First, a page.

Sports Features of Saturday, 10 March 2012
Source: Ampofo-Ankrah, Yaw
That is the end of the story, right? Sadly, it isn’t. It just goes to prove that the level of pretence and hypocrisy in this beautiful country called Ghana is getting too ugly. Stevanovic knows he will be sacked barring a (gargantuan) reprieve from the top man in the land.
The coach has his people in the FA who fought for him (but reluctantly threw in the towel). He also has his informants via his local paid rep in Ghana (which is not unusual even in Europe). However, Sports Minister Hon Clement Kofi Humado refuses to spill the beans on the exact details that led to the no-win situation for the Serbian. He was briefed by the GFA President and he, in turn, has briefed President Mills. Actually, the latter accepts the sacking based upon the facts of the case against coach Stevanovic.
The Minister deserves an award for diplomacy (apparently he used to work at the UN) because as much as I tried to nick some clues from him, he did no wince. In fact, the President had no say in the matter, it has now emerged. The decision is entirely from the GFA even if the government pays.
After all, we do not want conflicting reports in the media, do we? There is nothing wrong with notifying President Mills who also loses appetite and sleep like any Ghanaian when defeat becomes too hard to accept. Indeed it is also an encouraging sign that my “friends” at the Castle are learning diplomacy in the communication game. We certainly will not have a repeat of the farce leading up to Nyantakyi’s CAF executive committee bid when individuals – with no knowledge of football’s facts – spoke on behalf of the President.
So what was the President told about allegations by players using juju against one another? See, the coach was only reporting what some players were accusing each other of doing. Taken-aback as he was, Plavi did not dwell on this issue too much. If you read the full report of the coach, he did not mention names and he did not elaborate on the form of black power or magic allegedly used… how would he know?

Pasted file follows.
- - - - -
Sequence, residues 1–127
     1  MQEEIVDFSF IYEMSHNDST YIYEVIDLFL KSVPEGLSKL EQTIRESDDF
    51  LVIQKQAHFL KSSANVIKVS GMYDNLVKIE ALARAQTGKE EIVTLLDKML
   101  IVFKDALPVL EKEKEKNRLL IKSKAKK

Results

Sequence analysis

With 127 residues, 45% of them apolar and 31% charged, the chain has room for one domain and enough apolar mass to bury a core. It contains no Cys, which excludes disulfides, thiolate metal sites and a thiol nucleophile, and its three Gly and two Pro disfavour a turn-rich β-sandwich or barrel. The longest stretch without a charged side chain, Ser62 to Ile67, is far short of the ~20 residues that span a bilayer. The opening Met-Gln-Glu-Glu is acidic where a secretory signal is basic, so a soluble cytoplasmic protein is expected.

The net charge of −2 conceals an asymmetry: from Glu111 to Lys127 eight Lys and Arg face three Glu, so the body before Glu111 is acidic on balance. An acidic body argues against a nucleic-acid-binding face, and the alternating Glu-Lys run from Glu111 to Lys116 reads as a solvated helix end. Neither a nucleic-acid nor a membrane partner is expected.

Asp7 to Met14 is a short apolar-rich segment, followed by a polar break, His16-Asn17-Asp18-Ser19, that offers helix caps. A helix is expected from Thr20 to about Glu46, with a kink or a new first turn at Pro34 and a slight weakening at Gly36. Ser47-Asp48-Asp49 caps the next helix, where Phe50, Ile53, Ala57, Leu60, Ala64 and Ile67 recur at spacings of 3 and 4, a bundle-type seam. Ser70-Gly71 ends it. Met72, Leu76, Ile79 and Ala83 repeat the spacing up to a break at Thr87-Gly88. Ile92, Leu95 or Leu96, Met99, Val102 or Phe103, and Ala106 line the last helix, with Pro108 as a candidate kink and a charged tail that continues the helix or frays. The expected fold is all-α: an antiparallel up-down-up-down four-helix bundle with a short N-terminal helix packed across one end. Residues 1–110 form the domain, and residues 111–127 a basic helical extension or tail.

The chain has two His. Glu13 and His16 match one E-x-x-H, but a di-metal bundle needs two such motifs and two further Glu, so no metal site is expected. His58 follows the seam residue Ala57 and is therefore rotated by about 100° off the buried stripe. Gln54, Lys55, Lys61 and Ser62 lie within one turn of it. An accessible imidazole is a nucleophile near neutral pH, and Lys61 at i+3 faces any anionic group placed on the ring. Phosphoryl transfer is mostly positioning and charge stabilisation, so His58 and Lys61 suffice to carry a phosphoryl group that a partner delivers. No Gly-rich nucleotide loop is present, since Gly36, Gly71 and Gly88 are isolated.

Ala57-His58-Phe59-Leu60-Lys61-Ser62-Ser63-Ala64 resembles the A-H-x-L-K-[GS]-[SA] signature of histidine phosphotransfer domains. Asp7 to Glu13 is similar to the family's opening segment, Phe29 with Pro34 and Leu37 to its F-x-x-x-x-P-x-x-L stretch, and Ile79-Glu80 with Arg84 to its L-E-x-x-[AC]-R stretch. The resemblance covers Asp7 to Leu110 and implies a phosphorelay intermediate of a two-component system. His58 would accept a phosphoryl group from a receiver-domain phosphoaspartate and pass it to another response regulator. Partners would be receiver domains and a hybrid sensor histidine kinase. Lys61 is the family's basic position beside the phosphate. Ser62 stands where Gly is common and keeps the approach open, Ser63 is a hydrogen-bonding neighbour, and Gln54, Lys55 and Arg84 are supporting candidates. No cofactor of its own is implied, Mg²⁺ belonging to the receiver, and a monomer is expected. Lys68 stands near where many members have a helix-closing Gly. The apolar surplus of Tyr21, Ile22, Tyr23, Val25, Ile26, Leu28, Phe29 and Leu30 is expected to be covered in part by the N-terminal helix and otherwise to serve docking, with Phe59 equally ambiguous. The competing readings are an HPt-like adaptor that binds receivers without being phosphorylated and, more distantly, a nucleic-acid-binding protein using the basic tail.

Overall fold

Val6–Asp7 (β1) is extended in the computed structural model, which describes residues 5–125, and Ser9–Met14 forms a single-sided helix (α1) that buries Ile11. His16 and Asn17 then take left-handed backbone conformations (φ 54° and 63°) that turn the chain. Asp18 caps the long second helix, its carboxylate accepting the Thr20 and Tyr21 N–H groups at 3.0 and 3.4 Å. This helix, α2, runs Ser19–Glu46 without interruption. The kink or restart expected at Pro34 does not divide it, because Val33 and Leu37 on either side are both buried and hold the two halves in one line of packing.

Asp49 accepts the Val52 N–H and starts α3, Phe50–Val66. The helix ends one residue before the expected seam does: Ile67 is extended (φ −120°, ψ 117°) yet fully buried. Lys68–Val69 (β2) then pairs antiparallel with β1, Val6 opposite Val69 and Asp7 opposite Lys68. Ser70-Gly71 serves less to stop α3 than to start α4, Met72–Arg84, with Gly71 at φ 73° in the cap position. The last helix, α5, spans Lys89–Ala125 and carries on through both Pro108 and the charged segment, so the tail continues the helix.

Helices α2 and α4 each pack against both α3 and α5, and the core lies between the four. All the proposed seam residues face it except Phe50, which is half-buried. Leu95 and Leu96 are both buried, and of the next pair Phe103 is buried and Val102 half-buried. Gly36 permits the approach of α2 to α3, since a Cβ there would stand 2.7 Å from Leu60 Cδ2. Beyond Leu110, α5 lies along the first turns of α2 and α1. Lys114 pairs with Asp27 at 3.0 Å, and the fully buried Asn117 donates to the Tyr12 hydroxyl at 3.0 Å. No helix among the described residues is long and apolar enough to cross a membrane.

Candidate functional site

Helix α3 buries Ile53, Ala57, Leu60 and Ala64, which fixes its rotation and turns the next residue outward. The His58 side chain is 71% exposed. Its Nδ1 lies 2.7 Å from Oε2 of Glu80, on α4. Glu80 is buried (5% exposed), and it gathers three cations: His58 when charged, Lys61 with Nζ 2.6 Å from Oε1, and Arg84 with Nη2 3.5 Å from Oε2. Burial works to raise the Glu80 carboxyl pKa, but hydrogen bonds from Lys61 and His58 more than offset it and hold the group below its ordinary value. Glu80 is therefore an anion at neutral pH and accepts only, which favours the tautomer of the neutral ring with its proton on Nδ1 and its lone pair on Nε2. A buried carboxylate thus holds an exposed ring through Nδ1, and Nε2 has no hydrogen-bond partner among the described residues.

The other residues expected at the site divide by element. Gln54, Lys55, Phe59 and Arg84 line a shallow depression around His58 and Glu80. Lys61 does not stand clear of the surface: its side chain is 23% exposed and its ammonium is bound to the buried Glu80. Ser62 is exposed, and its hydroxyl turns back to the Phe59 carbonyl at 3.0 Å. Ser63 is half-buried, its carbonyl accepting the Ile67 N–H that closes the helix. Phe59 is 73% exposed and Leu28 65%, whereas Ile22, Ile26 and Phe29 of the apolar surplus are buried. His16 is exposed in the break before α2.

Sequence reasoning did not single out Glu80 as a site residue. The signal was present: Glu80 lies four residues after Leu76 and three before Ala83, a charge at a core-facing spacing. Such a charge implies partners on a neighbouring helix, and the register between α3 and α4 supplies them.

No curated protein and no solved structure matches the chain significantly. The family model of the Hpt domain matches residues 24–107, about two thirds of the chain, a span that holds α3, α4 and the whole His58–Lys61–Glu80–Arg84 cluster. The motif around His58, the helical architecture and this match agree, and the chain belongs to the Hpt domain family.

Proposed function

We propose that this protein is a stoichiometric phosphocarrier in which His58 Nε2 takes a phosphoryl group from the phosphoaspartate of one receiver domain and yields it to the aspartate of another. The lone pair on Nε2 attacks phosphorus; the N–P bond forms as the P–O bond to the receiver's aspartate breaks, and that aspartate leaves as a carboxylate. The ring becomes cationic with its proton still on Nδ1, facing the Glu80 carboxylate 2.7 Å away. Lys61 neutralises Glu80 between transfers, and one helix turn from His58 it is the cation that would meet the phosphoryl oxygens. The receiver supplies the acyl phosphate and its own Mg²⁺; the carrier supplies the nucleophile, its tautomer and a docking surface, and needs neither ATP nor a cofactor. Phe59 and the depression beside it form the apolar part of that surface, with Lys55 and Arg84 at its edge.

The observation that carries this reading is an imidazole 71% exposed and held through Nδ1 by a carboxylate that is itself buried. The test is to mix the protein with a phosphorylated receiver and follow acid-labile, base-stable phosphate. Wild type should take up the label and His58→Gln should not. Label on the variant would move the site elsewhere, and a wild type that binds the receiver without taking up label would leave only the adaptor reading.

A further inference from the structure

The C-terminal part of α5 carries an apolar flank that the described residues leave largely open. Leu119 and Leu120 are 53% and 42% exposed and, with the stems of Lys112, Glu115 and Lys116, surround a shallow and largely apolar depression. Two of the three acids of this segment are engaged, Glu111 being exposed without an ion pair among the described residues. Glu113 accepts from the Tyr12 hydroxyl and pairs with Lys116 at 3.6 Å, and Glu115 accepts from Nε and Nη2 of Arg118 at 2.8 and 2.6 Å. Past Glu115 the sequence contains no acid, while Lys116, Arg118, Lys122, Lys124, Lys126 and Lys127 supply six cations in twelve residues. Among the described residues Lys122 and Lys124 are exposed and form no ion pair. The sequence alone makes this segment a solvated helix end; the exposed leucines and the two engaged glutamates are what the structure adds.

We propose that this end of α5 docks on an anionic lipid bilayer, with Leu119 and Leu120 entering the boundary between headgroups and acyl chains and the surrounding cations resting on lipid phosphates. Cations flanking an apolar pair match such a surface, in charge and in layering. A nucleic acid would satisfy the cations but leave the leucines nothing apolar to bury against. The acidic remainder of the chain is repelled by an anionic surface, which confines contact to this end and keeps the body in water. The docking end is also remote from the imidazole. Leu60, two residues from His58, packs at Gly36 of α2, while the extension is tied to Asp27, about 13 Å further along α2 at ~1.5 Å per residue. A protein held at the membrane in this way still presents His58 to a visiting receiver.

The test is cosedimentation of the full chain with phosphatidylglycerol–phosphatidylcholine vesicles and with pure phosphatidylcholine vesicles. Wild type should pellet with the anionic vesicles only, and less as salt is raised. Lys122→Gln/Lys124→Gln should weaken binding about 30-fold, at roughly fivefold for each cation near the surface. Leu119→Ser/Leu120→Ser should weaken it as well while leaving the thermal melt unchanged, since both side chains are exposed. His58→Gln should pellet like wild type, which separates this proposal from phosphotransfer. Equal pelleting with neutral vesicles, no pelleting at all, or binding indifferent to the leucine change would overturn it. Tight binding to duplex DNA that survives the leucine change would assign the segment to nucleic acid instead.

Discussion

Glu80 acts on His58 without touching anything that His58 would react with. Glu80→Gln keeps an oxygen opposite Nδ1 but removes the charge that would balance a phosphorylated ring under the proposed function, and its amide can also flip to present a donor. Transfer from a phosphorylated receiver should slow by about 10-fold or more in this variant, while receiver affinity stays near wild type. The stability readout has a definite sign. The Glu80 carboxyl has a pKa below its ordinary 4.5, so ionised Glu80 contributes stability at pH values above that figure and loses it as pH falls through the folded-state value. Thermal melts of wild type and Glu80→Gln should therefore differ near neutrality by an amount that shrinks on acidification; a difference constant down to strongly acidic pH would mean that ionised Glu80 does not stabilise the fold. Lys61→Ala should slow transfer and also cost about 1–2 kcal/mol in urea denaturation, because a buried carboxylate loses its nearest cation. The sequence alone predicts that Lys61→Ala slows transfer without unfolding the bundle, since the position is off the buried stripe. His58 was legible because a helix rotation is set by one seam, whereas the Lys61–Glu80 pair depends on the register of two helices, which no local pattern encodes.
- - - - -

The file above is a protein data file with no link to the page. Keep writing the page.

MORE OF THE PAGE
Let’s ask ourselves: How will the new coach deal with the potential old guard versus new kids on the block headache?
I hear people say the coach has disgraced Ghana but honestly, in which way is Goran Stevanovic guilty of that? Did he not come and meet the concert in the team or did he import it from Serbia? Does anybody seriously think these problems started with this particular Serbian?
Is that the end of the juju issue or is it too embarrassing a topic to debate? Was the coach briefed beforehand to expect “strange” things? If not, why not? How well was Stevanovic himself prepared by his employers for the task ahead? This is Ghana’s Black Stars we are talking about! I could go ahead asking you and myself so many questions. The truth is that the situation is pathetic.
When it is Haiti or Benin, then it is cool right? But within our beloved Black Stars how dare anyone, especially a foreigner, expose such a practise even if they were only allegations by players who were emotionally and physically drained?
I am not sure whether it is pity or sympathy that I have for Kwesi Nyantakyi. The poor man must sometimes wonder where the GFA boat is going.